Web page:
I have now been living in China for just over 3 months. There has been a lot of adjusting and adapting in that time. The culture shock was very real when I arrived and it took me a week or two to get over that initial shock. However, even now I sometimes struggle. Most expats do have days every now and again of confusion or annoyance at the cultural differences or “quirks”. I have friends who have been here 3-4 years and they still get frustrated on some days.
The first step to living in China is acceptance. Accept that if you choose to live in this country you have to take the good, the bad and the ugly. These are some (only SOME) of the quirks you will need to accept and adjust to if you choose to come to this great country.
The Quirks Of Chinese Culture
Three months in and I do not have any clue what the rules of the road are. In fact, I am doubtful anyone in this country know the rules of the road. That is if there even are any. I live in Xi’an which is a city of 8.5million people which makes for a lot of traffic. Rather worryingly though drivers who have passed their driving test haven’t even been on the roads yet. The entire learning and testing process is done in private centres. I have also heard of bribery being a common way to “pass” your test and receive your license.
In China a popular transport option are E bikes which means they are everywhere. They are so easy and cheap to get. They cost 2,000-4,000RMB and are purchased and ready to go. No need for tax, insurance or any of that. It’s the same thing as buying a bicycle. On the roads these bikes are considered pedestrians. They can use the road but they can also use the pavement. Basically you have to watch out as wherever you are at any given time there could be an E bike closing in on you.
The good news though is with all these cars, E bikes and bicycles travelling around most drivers are very wary and observant. They have to be to avoid collisions. So you could argue they are better drivers than other countries, as they have to be. Although it doesn’t always feel that way as you try to cross the road and feel as if you’re playing chicken with 8 lanes of traffic.
I’m afraid that does say what you thought it said. It’s true, people pee everywhere here. Mostly it’s children, however men too have been known to pee wherever is convenient. It’s not even in semi hidden spots. Children will pull down their trousers and go where they are. Often in the middle of the pavement right in front of you. If they are inside they will step outside and go right in the doorway. This is especially disturbing when it’s a restaurant. More times than I would like, I have been sat eating lunch with a child urinating in the doorway 2 metres away.
You would think public toilets don’t exist here however they do. In fact wherever you are you are normally within a few hundred metres of one. I honestly have yet to hear an acceptable reason for this quirk but nevertheless it’s something I must accept about Chinese culture. I’ve adapted by being extra careful about stepping in puddles, especially when it hasn’t been raining. I also ensure to take of my shoes the second I step in the door. I also do not plan to wear flip flops whilst I live here.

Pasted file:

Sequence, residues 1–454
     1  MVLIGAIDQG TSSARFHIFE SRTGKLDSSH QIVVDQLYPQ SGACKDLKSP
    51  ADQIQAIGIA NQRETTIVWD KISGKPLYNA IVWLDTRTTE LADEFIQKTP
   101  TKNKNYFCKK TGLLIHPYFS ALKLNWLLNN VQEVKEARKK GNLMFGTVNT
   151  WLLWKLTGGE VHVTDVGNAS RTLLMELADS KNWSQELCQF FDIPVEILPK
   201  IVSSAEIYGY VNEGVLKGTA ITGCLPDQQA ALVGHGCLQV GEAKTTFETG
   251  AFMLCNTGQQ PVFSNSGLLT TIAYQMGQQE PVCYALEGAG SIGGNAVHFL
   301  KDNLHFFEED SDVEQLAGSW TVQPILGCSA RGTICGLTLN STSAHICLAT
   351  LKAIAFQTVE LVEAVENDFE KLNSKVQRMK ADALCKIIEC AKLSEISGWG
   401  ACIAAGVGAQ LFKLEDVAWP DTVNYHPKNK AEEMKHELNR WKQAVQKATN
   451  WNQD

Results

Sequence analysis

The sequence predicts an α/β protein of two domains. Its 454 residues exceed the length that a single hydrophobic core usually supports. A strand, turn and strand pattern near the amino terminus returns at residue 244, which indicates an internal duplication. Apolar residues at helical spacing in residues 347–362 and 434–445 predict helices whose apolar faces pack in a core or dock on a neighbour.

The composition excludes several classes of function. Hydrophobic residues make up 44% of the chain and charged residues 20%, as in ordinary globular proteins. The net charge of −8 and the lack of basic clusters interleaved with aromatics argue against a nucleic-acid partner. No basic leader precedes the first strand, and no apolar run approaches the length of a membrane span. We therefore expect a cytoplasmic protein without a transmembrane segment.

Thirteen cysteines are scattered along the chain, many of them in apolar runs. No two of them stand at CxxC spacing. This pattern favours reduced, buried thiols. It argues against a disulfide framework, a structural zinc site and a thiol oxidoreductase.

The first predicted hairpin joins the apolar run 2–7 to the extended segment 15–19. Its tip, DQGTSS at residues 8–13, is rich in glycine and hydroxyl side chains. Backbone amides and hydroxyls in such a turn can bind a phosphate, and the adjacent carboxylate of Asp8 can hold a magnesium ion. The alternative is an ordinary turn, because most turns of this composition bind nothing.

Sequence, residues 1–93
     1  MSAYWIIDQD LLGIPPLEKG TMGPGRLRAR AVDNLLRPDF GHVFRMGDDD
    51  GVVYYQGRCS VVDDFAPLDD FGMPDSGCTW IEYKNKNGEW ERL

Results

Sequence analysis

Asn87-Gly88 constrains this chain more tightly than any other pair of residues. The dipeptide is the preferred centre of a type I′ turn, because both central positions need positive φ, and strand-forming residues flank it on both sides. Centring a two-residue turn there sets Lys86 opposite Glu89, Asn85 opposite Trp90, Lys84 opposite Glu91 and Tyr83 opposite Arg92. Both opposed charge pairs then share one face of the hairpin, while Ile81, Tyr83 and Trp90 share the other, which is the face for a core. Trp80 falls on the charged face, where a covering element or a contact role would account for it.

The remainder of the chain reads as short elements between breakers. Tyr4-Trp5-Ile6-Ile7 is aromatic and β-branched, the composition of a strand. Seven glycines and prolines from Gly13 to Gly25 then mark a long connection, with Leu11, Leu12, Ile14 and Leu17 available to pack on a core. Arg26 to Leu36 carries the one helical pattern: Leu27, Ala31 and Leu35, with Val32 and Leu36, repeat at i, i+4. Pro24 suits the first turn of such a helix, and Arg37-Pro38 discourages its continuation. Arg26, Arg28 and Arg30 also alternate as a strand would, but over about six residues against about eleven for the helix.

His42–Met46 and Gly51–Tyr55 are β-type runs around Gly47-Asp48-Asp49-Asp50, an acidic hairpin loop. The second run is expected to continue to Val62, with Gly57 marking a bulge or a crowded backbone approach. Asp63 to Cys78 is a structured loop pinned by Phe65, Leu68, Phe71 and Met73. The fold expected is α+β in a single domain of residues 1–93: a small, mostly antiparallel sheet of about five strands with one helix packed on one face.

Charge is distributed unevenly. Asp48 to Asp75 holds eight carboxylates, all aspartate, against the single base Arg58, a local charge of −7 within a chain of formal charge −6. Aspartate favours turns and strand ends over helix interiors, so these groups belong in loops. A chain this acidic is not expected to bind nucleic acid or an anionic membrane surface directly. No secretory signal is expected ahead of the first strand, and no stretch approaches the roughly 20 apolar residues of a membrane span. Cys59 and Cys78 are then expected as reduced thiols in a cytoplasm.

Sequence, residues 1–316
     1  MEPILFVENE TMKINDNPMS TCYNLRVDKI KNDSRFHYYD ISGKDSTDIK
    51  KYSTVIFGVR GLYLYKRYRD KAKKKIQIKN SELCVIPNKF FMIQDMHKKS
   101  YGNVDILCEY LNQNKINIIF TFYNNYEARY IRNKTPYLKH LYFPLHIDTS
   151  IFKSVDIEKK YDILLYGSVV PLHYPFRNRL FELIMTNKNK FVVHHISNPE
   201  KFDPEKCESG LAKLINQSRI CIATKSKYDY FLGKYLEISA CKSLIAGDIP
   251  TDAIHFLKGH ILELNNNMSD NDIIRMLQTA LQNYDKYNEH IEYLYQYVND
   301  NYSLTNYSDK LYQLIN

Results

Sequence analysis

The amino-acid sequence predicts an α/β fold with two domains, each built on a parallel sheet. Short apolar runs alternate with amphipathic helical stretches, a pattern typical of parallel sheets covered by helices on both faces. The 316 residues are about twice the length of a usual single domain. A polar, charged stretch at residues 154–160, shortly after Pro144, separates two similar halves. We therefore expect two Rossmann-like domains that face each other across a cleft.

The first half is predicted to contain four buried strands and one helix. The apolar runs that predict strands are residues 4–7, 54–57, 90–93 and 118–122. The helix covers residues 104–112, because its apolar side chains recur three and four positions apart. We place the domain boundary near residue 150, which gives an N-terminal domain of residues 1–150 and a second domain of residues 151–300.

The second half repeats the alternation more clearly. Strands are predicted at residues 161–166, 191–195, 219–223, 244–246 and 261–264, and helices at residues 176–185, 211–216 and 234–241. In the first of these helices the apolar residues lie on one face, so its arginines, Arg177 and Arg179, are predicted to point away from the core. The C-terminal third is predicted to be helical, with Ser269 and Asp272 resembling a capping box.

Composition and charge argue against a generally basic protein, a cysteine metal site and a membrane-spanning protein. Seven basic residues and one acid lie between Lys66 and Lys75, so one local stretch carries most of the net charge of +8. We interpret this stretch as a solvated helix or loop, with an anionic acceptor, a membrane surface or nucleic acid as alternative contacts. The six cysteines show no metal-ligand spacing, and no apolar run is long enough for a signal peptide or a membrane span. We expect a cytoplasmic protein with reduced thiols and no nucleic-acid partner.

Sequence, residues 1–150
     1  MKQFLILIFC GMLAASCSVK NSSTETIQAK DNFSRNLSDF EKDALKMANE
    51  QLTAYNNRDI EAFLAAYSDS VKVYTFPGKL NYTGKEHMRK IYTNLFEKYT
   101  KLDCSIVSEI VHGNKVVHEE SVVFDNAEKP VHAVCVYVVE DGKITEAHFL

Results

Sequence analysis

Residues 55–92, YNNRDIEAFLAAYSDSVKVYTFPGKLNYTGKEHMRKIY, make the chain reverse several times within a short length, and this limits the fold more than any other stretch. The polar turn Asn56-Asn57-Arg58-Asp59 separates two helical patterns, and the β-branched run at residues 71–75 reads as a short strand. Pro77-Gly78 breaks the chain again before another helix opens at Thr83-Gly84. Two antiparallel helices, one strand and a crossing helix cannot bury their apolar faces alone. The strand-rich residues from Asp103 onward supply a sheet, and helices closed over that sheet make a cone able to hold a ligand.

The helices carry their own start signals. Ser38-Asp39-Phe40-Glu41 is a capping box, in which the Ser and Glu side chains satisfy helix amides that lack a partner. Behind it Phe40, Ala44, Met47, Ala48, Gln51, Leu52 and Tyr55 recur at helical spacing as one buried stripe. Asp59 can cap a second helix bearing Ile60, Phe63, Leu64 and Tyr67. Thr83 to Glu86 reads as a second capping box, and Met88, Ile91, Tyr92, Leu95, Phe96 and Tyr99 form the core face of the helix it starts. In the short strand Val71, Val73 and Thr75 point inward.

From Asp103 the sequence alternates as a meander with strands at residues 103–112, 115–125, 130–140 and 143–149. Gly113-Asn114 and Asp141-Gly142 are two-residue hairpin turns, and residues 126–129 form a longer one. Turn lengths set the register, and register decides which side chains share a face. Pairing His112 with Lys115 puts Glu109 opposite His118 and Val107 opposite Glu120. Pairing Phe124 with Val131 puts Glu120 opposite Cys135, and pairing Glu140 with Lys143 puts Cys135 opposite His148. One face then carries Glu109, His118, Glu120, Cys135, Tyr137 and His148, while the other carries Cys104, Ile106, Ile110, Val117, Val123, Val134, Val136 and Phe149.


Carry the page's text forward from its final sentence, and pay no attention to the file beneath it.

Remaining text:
Cut Out Clothes
This point follows on from the previous ones. Babies and toddles wear clothes which have cut outs to allow them to go to the toilet anywhere. They don’t even need to pull down their trousers. When I explained this to my dad his response was “Don’t you mean open-able flaps? Otherwise it sounds like bottoms are hanging out.” I mean exactly what I say. They are cut outs NOT flaps. And yes, there are not only bottoms hanging out but willies and vaginas too. Parents who are carrying their baby are basically holiday their kids bare butt. You’ve got to be careful about who’s hand you shake if they’ve been holding a baby.
My main query with this is how do they avoid babies pooping on their mums arms when they’re being carried. I would ask how they also avoid babies from weeing inside but the answer is they don’t. I was at the train station when a baby next to me pissed on the floor through his cut out. I swiftly moved where I was sitting.
This is a horrible trait which most Chinese men and some Chinese women have. It’s also the quirk that seems to grind most on many expats. Basically men will spit out huge globs of phlegm. The sound they make as they gather up their deposit is the worst. It sends shivers down my spine. Especially when I know what’s coming next. They will then spit out their phlegm glob on the pavement, in the road or indoors if that’s where they happen to be. If you’re lucky they will aim for a bin if you are inside other times they will just spit onto the floor.
Smoking is very common here but I can accept that. What I can’t accept is where people smoke. In restaurants, in lifts and in cars, they will light up anywhere. There will be no smoking signs however they are disregarded. No smoking signs are like useless decoration. Not even the staff of an establishment will acknowledge it’s existence. My worst experiences have been when I’ve been in a lift and men have smoked for the entire 22 floor journey down. The other instances which stand out in my memory are taxi journeys. The driver light up and will start smoking encasing me in unbreathable air. This is the quirk which I hate most. Especially as an asthmatic already striving to live in a city with severely polluted air.
After reading this article you may be put off China forever however it’s not all bad. If it was would I still be here
What’s the biggest cultural quirk you’ve come across and then had to adapt to?